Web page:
Despite the abundance of top-notch series on television, two of them — “30 Rock” and “Mad Men” — claimed 80 percent of episodic Emmy writing nominations last year.
That scenario — with both shows gaudily grabbing four of five respective bids in its category, as well as a pair each in 2008 — prompted a proposal within the Academy of Television Arts and Sciences, which hands out the awards, to alter the rules. Because most TV episodes bear the stamp of multiple writers, some argued it would make more sense for nominations to reflect that by naming programs as opposed to individuals, thus spreading the wealth among more shows.
Despite some support within the academy, the suggestion to amend the writing format didn’t prevail. Still, given the wealth of legitimate contenders and the nature of the process, it’s a question that merits further discussion.
The case for nominating programs as opposed to single episodes goes as follows: Comedies are generally gang-written. Moreover, in both comedy and drama, showrunners regularly put their stamp on every episode, often significantly rewriting them, which can make sorting out actual authorship complicated.
In the case of “Mad Men,” series creator Matthew Weiner receives writing credit, shared or otherwise, on almost every episode, as Aaron Sorkin did during “The West Wing” — another perennial Emmy writing nominee in its day.
For everyone but the chosen series, moreover, there’s really no nice way of saying what results like last year’s imply: The fourth-best episode of “Mad Men” is more deserving than the best of “Breaking Bad,” “Damages” or “Big Love,” to name a few.
The Writers Guild of America — whose ceremony, obviously, is devoted exclusively to writers — has the luxury of offering an overall series nomination in addition to a category for individual episodes and another for new programs.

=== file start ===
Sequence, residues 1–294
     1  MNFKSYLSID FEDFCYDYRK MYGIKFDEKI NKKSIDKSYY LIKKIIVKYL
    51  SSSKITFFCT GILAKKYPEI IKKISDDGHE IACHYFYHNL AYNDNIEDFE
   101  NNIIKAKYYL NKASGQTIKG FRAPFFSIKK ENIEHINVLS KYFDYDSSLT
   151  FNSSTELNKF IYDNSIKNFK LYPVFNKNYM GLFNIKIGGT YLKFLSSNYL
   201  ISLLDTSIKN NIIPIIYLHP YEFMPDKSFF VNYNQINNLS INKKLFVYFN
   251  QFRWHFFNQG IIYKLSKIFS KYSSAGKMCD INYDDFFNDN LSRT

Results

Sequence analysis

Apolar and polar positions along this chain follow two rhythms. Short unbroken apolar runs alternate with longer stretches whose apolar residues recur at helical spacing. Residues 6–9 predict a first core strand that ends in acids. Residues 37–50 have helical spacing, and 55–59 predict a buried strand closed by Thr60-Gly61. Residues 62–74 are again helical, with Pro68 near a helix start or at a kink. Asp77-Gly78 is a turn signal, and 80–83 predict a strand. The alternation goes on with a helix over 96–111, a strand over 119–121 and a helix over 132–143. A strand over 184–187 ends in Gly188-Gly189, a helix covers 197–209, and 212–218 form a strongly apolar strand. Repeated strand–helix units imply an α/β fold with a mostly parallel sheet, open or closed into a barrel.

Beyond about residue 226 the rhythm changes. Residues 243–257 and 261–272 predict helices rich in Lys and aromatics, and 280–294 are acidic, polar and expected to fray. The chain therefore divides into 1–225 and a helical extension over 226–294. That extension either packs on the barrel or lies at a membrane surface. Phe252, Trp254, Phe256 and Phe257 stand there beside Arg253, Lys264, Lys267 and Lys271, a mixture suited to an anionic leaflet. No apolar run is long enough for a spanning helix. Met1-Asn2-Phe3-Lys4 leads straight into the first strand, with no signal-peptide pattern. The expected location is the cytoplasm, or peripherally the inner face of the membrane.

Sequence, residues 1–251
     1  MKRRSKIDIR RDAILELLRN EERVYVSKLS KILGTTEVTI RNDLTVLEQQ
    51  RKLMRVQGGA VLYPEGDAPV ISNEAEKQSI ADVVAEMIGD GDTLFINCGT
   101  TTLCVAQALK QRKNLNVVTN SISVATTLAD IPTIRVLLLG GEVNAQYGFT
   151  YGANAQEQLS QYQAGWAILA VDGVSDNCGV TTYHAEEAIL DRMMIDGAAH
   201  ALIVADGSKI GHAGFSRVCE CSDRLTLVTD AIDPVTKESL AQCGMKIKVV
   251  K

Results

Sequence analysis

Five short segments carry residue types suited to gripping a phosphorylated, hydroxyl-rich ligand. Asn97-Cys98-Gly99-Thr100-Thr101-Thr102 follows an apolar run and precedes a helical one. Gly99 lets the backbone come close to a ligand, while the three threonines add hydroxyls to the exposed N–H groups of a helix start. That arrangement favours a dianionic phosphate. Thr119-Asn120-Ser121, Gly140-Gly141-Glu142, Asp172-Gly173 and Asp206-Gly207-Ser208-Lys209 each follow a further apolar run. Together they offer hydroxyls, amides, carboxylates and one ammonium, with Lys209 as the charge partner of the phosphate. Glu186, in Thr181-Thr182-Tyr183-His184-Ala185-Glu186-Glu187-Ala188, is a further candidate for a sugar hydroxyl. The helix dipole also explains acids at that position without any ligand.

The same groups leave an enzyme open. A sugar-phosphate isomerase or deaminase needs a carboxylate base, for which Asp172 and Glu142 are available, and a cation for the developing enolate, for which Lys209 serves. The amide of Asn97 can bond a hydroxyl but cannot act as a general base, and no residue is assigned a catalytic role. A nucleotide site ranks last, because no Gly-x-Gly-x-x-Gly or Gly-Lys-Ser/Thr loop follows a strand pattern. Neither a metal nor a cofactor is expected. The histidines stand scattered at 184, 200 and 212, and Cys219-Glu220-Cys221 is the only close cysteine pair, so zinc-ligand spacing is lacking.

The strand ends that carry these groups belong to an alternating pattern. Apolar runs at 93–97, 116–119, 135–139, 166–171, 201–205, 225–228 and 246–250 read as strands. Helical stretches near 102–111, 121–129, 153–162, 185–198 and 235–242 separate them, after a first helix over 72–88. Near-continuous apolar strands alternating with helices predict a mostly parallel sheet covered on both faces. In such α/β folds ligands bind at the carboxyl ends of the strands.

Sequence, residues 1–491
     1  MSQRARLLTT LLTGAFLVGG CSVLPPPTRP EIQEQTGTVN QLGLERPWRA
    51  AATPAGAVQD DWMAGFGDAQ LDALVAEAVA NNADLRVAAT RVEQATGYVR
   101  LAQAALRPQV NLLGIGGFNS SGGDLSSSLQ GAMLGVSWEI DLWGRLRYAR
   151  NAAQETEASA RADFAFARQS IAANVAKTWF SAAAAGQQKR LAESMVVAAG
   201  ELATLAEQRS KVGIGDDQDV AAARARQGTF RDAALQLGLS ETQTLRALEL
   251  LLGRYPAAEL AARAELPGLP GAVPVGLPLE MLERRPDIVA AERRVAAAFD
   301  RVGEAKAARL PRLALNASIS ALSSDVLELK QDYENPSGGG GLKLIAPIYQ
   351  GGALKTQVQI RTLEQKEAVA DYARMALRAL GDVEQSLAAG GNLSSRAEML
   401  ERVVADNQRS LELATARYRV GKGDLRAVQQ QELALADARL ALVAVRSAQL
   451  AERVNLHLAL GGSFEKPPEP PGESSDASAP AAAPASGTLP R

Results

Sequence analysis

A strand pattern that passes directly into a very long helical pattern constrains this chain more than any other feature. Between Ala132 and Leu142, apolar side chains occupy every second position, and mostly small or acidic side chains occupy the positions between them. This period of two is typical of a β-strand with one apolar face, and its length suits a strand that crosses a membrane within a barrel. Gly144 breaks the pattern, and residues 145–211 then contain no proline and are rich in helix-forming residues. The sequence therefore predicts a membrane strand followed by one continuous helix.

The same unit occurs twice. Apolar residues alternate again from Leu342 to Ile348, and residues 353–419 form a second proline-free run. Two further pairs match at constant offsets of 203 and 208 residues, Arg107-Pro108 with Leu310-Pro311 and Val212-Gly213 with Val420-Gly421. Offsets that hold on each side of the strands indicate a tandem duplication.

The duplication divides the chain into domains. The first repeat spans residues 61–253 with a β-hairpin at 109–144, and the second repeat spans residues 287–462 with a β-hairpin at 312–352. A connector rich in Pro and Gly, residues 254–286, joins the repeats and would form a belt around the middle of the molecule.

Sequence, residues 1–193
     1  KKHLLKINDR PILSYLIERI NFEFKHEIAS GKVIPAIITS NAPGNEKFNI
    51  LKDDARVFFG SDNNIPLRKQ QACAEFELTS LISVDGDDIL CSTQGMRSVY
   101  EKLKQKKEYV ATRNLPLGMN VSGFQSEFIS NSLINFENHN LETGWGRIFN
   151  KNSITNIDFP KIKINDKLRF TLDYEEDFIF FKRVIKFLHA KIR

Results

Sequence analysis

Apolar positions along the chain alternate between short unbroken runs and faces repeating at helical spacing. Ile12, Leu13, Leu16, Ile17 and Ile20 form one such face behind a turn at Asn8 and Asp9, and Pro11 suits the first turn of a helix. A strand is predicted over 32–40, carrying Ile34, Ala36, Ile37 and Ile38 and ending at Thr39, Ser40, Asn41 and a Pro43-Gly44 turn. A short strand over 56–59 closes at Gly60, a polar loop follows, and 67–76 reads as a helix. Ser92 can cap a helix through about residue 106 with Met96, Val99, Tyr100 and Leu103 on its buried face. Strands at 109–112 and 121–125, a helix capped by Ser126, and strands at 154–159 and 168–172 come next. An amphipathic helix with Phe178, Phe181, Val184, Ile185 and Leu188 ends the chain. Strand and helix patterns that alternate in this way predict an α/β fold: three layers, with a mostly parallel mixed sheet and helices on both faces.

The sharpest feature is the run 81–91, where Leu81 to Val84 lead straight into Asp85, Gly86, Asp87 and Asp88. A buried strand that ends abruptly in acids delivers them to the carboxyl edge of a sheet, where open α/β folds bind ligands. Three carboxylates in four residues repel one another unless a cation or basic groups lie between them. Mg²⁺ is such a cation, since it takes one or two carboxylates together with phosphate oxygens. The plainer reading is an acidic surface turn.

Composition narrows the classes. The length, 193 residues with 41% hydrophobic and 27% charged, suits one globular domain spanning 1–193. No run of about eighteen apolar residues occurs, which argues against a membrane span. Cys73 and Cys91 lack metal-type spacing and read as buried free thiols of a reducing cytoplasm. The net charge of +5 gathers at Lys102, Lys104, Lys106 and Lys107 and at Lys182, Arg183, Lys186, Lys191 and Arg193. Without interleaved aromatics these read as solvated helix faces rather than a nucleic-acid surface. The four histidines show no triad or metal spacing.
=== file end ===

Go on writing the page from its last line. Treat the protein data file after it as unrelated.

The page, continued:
Finally, those who advocated the change felt it would be better to provide five programs and their writing staffs reason to celebrate — especially when the explosion of cable fare has yielded such an embarrassment of riches in terms of quality writing, particularly on the drama front.
John Leverence, the academy’s senior VP for awards, acknowledged that the “gang entry” concept “kind of makes reference to the reality of the writers room” — which perhaps appropriately, he added, is illustrated in the sequences involving the writers for “30 Rock’s” show-within-the-show.
There is precedent for such a switch.
Back in the early 1980s, the Canadian sketch show “SCTV” nabbed all five writing nominations in the variety, music or comedy category. In response, the academy’s board subsequently voted to honor the staffs collectively — paving the way for those amusing montages “The Daily Show” and “Late Show With David Letterman” assemble to rattle off the names of their scribes.
All told, then, it’s not an absurd leap to contemplate flipping the current equation, recognizing that episodic TV writing is frequently more a team effort than an individual exercise. But for now, it’s unlikely to happen.
Sensitivity about tinkering with the writing Emmy was doubtless heightened by last year’s flirtation with “time-shifting” various awards in an effort to streamline the ceremony, which aggravated the talent guilds. And while a potential compromise would be to split the drama and comedy awards between best show and top episode as the WGA does, insiders see little appetite to add more categories. Given existing concerns about a surplus of awards, there’s no way both would be showcased during the main telecast.
The status quo, in other words, seems destined to persist, leaving the possibility Emmy voters will again shower multiple nominations on a few favored programs — which could leave sitcom writers caught between a “Rock” and a “Rock,” and drama a “Mad,” “Mad,” “Mad,” “Mad” world.